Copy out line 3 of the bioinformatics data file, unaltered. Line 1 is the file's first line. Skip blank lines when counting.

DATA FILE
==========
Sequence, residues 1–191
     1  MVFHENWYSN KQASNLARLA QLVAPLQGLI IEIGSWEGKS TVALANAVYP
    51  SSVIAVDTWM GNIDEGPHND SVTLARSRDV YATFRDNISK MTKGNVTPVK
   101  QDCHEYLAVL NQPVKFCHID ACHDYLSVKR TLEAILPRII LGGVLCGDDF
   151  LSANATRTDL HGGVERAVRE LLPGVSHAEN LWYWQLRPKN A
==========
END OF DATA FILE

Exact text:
    51  SSVIAVDTWM GNIDEGPHND SVTLARSRDV YATFRDNISK MTKGNVTPVK